I have been accompanying Henry Bodnik at his courses in the instinctive archery for about 1 1/2 years now. For some time, we have observed a phenomenon which I want to write a few lines about today: Many archers tend to lighter draw weights than before! Not only our personal experience but statistics from bow building also prove: there is a trend towards lighter draw weights. Of course, the material has become more efficient; but in addition, the insight seems to slowly arrive in the minds of the archers that one does not need 55 lbs and a lot of penetrating power to shoot a 3D target but tranquility in shooting and repeatable precision. We have tried and tested a few things and today want to drop a few lines about why it can be useful not to overdo it with the draw weight.
With a modern bow-arrow-combination, it is possible to achieve approximately the same ballistics at 50 meters distance with about 25 lbs as with a 50 lbs bow. You don’t believe us? Let us prove it.
First, we need to talk about a decisive factor that allows us to shoot low draw weights – the arrow. With the production of the Penthalon Slim Line carbon shafts it has become possible to shoot 20 # and 25 # bows without missing any accuracy even at long distances. Spine values of 1300 and 1600 have been on the market only for a few years. 3 inch fletches are just the right thing for these draw weights, and the 60 or 70 grs tips make our arrow light and quick. Since we do not need any penetration power at 3D animals, our arrow must also not be particularly heavy. My 29 inch long Penthalon Slim Line 1300s arrows with nock, tip and 3 inch feathers weigh about 197 grs – divided by 24 pounds of my bow’s draw weight, this is 8.2 gpp. Cannot be fast? Oh yes, it can!
I myself shoot a Bearpaw Hawk which we have honed down to a low draw weight specifically for our tests. From its original 30 lbs, we have brought this Hawk down to a whopping 24.07 lbs draw weight when drawn to 29 inches. The thin limbs are the second “secret“ for the arrow to properly absorb power. The lower the mass of the limbs, the more energy is given to the arrow when comparing the same draw weights of bows. I made a comparative picture in order to document the width of the limbs comparing a normal 50 lbs Hawk to our special Hawk. For this purpose, it should be mentioned that the limbs of our standard bow are not exactly broad.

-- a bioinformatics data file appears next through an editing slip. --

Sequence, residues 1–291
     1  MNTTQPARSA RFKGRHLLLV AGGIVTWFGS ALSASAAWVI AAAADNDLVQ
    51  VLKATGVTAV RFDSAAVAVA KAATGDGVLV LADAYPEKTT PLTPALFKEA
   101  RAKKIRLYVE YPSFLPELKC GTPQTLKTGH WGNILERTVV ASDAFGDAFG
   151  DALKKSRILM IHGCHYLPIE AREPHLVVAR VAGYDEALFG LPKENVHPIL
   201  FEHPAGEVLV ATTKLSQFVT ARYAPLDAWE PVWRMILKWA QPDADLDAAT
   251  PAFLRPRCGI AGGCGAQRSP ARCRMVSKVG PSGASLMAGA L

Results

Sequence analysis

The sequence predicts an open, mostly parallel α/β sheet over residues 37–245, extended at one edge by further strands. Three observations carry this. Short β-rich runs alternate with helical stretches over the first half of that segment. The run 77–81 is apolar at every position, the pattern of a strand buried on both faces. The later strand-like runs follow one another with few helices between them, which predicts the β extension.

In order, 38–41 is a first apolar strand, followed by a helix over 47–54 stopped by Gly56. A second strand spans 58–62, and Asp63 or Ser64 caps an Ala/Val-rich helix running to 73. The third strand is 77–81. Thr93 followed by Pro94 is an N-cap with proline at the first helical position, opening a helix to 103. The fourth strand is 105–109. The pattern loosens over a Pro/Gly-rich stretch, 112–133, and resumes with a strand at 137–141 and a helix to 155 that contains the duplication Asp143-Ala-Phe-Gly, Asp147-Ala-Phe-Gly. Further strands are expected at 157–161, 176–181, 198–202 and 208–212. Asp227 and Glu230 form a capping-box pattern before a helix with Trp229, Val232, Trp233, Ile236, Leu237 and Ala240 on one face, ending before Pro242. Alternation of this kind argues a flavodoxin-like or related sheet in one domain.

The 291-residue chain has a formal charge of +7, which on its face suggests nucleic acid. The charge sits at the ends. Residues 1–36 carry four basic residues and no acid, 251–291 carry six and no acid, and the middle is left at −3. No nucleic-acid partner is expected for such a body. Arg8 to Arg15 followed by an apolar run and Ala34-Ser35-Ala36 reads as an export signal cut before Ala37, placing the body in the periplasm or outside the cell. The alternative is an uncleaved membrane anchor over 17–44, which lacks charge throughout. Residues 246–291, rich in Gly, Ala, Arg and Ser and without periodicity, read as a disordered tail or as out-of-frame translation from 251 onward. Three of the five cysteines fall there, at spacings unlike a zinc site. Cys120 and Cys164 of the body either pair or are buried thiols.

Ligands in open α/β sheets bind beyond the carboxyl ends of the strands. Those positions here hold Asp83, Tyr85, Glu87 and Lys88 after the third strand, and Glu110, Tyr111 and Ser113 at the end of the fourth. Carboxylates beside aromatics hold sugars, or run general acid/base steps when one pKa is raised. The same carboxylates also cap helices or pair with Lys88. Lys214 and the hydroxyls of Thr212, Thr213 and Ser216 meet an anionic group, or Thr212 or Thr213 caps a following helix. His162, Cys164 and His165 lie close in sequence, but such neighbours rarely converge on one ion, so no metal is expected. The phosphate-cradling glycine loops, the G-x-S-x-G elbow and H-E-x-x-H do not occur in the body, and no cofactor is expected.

So far this sounds pretty nice, but how quick is the whole thing now? The bow was shot with finger release to a 29 inches draw. I claim that I shoot relatively stably and repeatably; the measured variations of 2 to 3 fps from shot to shot prove me right. My shooting glove was the Bearpaw Black Glove, string was a Bodnik Whisper String with 8 strands and a small brass nock point. My arrows are 29.25 inches long, with a 60 grs. tip, 3 inch parabolic fletches and normal Penthalon nock. All the shots I made were between 191 and 193 fps! – with 24 lbs of draw weight on my fingers!
Of course I do not want everybody to suddenly switch to only 25 lbs draw weight now – but this example clearly shows that with the correct bow-arrow-combination and with a 35-40 lbs bow, one can shoot a complete 3D-parcours comfortably, health-friendly, and fatigue-free. Many of our trainees who train irregularly due to a stressful office job, suddenly have fun shooting with a 30 lbs Redman and Slim Line arrows. Their shooting technique can be executed clean(er) and they don’t have totrain themselves up to a high draw weight. Less sometimes really can be more – although maybe not for everyone. But certainly for one or the other a 30-35 lbs bow may fit much better than a 45 lbs bow. The rethinking is taking place – we experience it every day.